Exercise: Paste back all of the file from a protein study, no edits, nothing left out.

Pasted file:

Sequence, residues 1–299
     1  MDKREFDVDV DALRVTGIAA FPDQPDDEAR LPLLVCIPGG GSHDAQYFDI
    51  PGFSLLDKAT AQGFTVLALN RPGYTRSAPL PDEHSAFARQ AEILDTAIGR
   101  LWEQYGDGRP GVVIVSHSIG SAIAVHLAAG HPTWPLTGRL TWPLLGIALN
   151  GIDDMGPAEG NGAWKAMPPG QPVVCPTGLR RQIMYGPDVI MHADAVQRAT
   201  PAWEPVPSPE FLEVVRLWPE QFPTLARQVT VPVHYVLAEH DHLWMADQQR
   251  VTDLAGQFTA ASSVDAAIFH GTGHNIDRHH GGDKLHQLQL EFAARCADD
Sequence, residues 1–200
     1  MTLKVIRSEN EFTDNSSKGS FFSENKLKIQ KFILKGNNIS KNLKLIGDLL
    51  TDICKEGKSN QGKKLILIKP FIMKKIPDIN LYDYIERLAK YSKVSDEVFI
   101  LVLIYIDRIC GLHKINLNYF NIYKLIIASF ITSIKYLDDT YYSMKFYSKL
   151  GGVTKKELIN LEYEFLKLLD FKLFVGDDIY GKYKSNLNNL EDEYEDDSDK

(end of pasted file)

Sequence, residues 1–299
     1  MDKREFDVDV DALRVTGIAA FPDQPDDEAR LPLLVCIPGG GSHDAQYFDI
    51  PGFSLLDKAT AQGFTVLALN RPGYTRSAPL PDEHSAFARQ AEILDTAIGR
   101  LWEQYGDGRP GVVIVSHSIG SAIAVHLAAG HPTWPLTGRL TWPLLGIALN
   151  GIDDMGPAEG NGAWKAMPPG QPVVCPTGLR RQIMYGPDVI MHADAVQRAT
   201  PAWEPVPSPE FLEVVRLWPE QFPTLARQVT VPVHYVLAEH DHLWMADQQR
   251  VTDLAGQFTA ASSVDAAIFH GTGHNIDRHH GGDKLHQLQL EFAARCADD
Sequence, residues 1–200
     1  MTLKVIRSEN EFTDNSSKGS FFSENKLKIQ KFILKGNNIS KNLKLIGDLL
    51  TDICKEGKSN QGKKLILIKP FIMKKIPDIN LYDYIERLAK YSKVSDEVFI
   101  LVLIYIDRIC GLHKINLNYF NIYKLIIASF ITSIKYLDDT YYSMKFYSKL
   151  GGVTKKELIN LEYEFLKLLD FKLFVGDDIY GKYKSNLNNL EDEYEDDSDK